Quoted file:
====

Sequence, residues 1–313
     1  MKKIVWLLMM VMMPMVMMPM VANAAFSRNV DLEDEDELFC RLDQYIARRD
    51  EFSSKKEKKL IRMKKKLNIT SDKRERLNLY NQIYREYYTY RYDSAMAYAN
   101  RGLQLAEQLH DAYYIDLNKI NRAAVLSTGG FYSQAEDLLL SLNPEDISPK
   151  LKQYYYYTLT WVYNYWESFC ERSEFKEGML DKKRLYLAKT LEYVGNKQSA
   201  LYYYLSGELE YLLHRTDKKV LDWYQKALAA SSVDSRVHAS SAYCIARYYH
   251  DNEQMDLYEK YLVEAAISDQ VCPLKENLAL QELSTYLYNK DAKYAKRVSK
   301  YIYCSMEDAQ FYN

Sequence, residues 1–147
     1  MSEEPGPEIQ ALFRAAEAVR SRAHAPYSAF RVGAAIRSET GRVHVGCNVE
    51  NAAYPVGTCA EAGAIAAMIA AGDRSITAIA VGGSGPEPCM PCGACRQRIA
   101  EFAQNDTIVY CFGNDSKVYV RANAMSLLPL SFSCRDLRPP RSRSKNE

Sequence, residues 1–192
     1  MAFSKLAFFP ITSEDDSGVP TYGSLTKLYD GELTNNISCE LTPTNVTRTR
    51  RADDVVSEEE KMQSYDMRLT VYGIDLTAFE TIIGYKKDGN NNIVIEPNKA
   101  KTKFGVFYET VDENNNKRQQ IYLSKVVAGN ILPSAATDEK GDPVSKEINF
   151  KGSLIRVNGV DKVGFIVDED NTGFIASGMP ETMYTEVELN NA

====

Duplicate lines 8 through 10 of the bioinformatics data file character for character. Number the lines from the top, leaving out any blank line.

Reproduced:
   301  YIYCSMEDAQ FYN

Sequence, residues 1–147
     1  MSEEPGPEIQ ALFRAAEAVR SRAHAPYSAF RVGAAIRSET GRVHVGCNVE